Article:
Few had heard of the Four Tops before this song was released in the summer of 1964, but the public quickly became acquainted. The quartet’s debut single sold over a million copies – a feat equally impressive in today’s iTunes era – and landed just outside the Top 10.

Songwriters and producers Holland-Dozier-Holland went the Phil Spector route in the studio, hauling in a 40-piece string section and supplementing the Four Tops’ voices with backing vocals from the Andantes, a female trio also signed to Motown. Spector’s Wall of Sound productions were simultaneously big and small. For all the attention lavished on the strings and vocals, check out the echo on those finger snaps. That’s ultimate flattery for Spector.

Levi Stubbs’ lead vocals capture the ache and longing of a lover hoping to be forgiven. The way he sings the line “lately I’ve been losing sleep” perfectly captures a midnight soul search in a bed too big.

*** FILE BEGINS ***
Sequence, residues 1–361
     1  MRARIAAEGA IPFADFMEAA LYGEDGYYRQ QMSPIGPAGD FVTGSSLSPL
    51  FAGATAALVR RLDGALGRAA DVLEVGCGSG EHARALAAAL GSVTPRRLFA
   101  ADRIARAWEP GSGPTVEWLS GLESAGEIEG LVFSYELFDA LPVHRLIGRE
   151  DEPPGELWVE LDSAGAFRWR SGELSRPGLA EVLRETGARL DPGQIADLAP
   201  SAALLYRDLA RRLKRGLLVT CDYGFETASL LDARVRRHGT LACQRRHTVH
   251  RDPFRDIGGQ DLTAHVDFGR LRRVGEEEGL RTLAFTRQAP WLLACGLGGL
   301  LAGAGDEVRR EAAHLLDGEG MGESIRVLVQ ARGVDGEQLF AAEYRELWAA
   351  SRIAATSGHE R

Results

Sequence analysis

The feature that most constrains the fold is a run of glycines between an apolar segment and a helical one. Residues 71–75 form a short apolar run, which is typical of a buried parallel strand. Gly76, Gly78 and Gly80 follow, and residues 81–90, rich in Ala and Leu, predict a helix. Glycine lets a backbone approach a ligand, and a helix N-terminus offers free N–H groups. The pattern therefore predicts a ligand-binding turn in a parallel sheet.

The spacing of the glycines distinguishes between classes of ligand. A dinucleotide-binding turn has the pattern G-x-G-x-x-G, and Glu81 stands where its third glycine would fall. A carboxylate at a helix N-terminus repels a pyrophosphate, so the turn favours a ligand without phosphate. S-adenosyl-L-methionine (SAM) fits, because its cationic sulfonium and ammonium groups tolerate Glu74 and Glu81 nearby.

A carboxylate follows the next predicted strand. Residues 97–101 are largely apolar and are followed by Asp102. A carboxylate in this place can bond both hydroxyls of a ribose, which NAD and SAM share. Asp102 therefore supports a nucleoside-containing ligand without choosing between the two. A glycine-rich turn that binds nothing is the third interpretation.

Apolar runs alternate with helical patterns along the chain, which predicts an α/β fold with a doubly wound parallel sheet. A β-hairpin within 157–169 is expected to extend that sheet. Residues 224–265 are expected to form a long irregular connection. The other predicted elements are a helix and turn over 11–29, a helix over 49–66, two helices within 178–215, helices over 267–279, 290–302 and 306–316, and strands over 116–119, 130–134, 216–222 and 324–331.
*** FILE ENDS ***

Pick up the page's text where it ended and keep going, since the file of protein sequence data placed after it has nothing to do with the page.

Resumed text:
While the competition between the Four Tops and Temptations raged within Berry Gordy’s Hitsville U.S.A. studio, on the carts and among fans, the Four Tops introductory offering more than equaled the Temptations breakthrough “The Way You Do the Things You Do.”

An incredibly durable number, the song charted in various arrangements (and punctuations, appearing as both “Baby I Need Your Lovin'” and “Baby, I Need Your Loving,”) for nearly 20 years after it was released. Folk singer Johnny Rivers had the first cover hit in 1967, but it has also been a hit for lounge singer O.C. Smith, soul singer Geraldine Hunt, pop idol Eric Carmen and, finally, funk singer Carl Carlton in 1982. — by Joel Francis

PE Still in Full Effect

The squeak on the front door to our office sounds strangely like Terminator X’s scratches on “Rebel Without A Pause.” Every time I’ve opened the door this week my mind has jumped to “the rhythm, the rebel.”

Unfortunately, maintenance oiled the hinges last night. On the bright side, my friend Lindsay said his office fax machine sounds eerily like “Miuzi Weighs a Ton.”

Brenda Holloway – “Every Little Bit Hurts”

Brenda Holloway – “Every Little Bit Hurts,” Pop #11